By Chris Haring

As the Medical Aid in Dying Act sits in the New York legislature, right-to-die advocates from nearby New Jersey and Washington, D.C. share their experiences.

With less than a month left in the 2024 legislative session, New York’s Medical Aid in Dying Act (A995/S2445) faces an uncertain future, despite widespread public support and recent key endorsements

However, the resolve of the right-to-die movement remains steadfast, committed to the principles of dignity and autonomy through expanded end-of-life options in New York and elsewhere.

In a commentary for Albany’s Times Union, two physicians intimately familiar with end-of-life care and assisted dying – Dr. Deborah Pasik and Dr. Sonja Richmond – exemplified this commitment as they took the time to share their experiences as aid-in-dying practitioners, highlighting the transformative nature of medical aid in dying and its profound impact on patients’ end-of-life care.

After New Jersey passed Death with Dignity, Dr. Pasik delayed her retirement

Dr. Pasik was on the verge of retirement when New Jersey legalized physician-assisted death in 2019, and she found herself unexpectedly drawn back into the fray. Recognizing the urgent need for aid-in-dying educators and providers in the state, she established the nonprofit New Jersey Death with Dignity.

In her commentary, she recalled her patients, who, she says, “were committed to living out their lives as long as possible and then having the option of a peaceful, humane death of their choosing if they deemed that their suffering had become intolerable.” 

She added, “Many expressed their gratitude towards me by thanking me for saving their lives. That’s the most profound thing a terminally ill patient can say. What they’re saying is that I’ve lifted this burden of anxiety and fear from their shoulders, so they can move on with their life – as long or short as it is – without this lingering terror of what the future holds.”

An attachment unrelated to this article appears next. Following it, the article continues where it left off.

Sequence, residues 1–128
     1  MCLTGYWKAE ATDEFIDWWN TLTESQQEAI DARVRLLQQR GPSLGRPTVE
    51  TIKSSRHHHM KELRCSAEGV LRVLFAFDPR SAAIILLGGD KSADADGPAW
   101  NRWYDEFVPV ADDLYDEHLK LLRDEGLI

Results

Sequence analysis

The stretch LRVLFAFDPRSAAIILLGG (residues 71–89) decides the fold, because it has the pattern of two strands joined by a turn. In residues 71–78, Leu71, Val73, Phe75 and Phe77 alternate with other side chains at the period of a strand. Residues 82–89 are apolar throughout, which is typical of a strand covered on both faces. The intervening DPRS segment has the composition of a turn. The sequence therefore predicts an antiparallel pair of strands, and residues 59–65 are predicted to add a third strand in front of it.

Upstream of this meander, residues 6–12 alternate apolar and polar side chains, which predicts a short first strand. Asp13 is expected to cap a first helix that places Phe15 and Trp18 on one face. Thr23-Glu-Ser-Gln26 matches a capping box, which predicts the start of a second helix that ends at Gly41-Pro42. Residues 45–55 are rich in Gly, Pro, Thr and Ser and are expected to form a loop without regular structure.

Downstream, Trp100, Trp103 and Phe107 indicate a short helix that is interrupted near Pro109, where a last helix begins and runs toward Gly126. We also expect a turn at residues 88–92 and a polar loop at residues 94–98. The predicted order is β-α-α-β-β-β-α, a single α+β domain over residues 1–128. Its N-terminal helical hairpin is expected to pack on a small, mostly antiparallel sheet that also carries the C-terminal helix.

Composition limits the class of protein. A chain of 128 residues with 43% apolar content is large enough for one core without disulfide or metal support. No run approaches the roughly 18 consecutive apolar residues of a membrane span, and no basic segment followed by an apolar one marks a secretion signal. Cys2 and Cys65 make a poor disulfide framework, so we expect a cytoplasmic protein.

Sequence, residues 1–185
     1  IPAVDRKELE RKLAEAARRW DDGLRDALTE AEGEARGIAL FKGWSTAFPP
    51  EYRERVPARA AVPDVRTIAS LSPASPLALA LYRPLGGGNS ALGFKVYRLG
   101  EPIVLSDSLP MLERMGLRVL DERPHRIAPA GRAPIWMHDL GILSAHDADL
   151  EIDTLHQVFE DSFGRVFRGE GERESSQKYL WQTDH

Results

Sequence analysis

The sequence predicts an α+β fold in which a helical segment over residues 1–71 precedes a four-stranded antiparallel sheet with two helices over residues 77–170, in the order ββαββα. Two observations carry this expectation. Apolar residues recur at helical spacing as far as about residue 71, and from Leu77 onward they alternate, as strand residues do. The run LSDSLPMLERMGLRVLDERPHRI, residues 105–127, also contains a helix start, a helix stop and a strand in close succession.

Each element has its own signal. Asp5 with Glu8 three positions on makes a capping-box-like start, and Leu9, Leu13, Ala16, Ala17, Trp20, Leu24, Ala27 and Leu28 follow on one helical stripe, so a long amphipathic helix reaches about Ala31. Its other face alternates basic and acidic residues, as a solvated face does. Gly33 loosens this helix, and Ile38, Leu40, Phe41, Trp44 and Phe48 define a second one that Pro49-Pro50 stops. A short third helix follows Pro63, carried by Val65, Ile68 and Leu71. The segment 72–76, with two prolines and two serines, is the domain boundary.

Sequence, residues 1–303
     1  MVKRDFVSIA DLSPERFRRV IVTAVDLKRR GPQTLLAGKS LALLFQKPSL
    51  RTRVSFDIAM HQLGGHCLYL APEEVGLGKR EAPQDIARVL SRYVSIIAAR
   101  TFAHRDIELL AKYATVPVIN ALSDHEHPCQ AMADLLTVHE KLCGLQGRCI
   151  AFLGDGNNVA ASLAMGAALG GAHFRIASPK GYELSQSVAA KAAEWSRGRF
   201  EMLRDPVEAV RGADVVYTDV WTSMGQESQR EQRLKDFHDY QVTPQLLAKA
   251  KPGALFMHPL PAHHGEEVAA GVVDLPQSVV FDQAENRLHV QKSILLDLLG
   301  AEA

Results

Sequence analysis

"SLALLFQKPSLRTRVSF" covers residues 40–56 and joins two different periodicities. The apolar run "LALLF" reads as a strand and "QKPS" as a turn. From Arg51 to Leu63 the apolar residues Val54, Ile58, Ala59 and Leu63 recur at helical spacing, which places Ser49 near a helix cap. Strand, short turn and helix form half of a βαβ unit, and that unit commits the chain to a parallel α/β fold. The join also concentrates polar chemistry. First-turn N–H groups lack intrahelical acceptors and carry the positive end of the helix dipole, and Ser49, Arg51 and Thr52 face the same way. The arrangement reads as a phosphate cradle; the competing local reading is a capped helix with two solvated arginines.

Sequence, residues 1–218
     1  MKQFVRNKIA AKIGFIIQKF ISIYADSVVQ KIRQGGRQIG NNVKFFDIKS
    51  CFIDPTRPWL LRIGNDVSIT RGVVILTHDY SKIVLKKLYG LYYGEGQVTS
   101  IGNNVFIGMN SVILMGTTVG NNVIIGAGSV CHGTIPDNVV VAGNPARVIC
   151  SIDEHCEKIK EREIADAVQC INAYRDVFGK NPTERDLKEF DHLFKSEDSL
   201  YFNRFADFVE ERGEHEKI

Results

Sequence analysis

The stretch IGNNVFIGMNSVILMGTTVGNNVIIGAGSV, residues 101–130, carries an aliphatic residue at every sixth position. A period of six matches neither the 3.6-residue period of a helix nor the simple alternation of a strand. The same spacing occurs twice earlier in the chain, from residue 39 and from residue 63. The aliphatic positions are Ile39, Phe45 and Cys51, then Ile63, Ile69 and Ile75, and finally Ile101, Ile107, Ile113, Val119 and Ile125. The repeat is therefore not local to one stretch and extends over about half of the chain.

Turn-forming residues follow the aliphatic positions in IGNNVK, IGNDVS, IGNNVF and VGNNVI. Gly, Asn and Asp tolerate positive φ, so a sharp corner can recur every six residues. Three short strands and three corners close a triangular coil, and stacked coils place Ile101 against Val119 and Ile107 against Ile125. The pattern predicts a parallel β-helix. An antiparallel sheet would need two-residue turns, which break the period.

Many patients will go to great lengths to access medical aid in dying

Dr. Richmond, a hospice medical director at VITAS Healthcare in Washington D.C., recounted the experience of a patient who moved back to D.C. with his partner when its Death with Dignity Act took effect in 2017. 

With the patient’s incurable cancer progressing rapidly, she worked with his care team to ensure that he could use medical aid in dying before he lost the ability to self-administer the medication. “It is all about letting individuals who are dying make their own end-of-life care decisions – as they make all their health care decisions – in consultation with family and medical professionals,” she said.

The stories shared by Dr. Pasik and Dr. Richmond illustrate the transformative power of aid-in-dying laws and their positive impact on end-of-life care. As the debate around medical aid in dying unfolds in states like New York, their experiences offer invaluable insights into the positive impact such legislation can have on patients, families, and healthcare providers alike.

For more information on the status of Death with Dignity in New York, please visit the state page on our website.